By Gene Barretta,

Why should I read it?

1 author picked Now & Ben as one of their favorite books, and they share why you should read it. This book is for kids age 6, 7, 8, and 9.

What is this book about?

The inventions and inspiration of Benjamin Franklin and how they've stood the test of time

What would you do if you lived in a community without a library, hospital, post office, or fire department? If you were Benjamin Franklin, you'd set up these organizations yourself. Franklin also designed the lightning rod, suggested the idea of daylight savings time, and invented bifocals-all inspired by his common sense and intelligence. In this informative book, Gene Barretta brings Benjamin Franklin's genius to life, deepening our appreciation for one of the most influential figures in American history.

Now & Ben is a 2007 Bank…


Book cover of Pharmaphobia: How the Conflict of Interest Myth Undermines American Medical Innovation

John L. LaMattina Author Of Pharma and Profits: Balancing Innovation, Medicine, and Drug Prices

From my list on the challenges of discovering breakthrough medicines.

Why am I passionate about this?

I am the former president of Pfizer Global Research, where I led research groups around the globe in finding new medicines to treat cancer, addiction, AIDS, immunological diseases, and pain. After retiring from Pfizer, I have been closely involved with biotech companies that also are seeking breakthrough drugs. This industry is a crucial part of the healthcare ecosystem, as evidenced by the remarkable response and, ultimately, the crushing of the COVID-19 pandemic. Yet, it is not just underappreciated but is treated with scorn by many. This booklist provides sources from which the reader can gain a full understanding of the value of the biopharmaceutical industry, the challenges it faces, and its importance to the world’s health.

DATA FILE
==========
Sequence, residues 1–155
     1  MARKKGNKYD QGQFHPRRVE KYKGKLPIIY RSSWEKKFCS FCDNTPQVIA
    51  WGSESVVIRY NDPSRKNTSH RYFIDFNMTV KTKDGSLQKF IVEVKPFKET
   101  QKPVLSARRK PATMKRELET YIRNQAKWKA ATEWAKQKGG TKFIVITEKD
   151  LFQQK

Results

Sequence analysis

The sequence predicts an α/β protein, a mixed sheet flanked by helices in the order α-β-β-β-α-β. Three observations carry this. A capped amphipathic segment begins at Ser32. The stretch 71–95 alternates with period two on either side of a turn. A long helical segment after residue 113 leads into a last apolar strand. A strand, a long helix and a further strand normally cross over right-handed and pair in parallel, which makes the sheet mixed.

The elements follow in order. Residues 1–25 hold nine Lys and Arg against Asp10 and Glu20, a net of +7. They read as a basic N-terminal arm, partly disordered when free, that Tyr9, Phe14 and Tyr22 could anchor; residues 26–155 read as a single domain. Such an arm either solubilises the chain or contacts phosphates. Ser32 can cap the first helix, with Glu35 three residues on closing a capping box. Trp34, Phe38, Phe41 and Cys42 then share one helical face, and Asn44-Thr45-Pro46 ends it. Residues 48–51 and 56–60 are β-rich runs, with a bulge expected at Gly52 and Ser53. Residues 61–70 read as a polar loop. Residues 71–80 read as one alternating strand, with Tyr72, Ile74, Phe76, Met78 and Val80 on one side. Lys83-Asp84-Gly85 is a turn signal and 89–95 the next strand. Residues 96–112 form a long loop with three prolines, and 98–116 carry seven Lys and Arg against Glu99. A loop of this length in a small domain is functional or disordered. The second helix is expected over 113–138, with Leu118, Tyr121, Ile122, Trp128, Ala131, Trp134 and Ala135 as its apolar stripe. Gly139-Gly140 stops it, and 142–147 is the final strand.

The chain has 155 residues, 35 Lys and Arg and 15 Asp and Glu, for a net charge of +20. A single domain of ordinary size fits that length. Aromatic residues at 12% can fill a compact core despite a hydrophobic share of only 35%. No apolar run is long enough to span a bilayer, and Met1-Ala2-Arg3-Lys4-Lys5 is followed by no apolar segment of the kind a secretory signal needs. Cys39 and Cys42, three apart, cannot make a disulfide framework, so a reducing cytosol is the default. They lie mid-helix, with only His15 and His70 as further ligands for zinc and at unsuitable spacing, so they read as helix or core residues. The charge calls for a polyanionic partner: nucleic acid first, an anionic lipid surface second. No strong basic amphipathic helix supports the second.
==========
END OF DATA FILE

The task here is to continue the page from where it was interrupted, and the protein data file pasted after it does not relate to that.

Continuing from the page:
John's book list on the challenges of discovering breakthrough medicines

John L. LaMattina Why did John love this book?

There are a lot of critics of the biopharmaceutical industry who belittle the contributions of this industry by accusing it of overselling the value of new medicines, underselling safety, and having numerous conflicts of interest with academic researchers.

This book details the importance of collaborations between doctors and industry for the development of new drugs. For anyone involved in pharmaceutical R&D, it is refreshing to read accounts about successful interactions that lead to breakthroughs.

Rather than look at healthcare as “good guys vs. bad guys,” this book gives great examples of partnerships that result in saving lives.

By Thomas P. Stossel,

Why should I read it?

1 author picked Pharmaphobia as one of their favorite books, and they share why you should read it.


Book cover of The Wizard of Menlo Park: How Thomas Alva Edison Invented the Modern World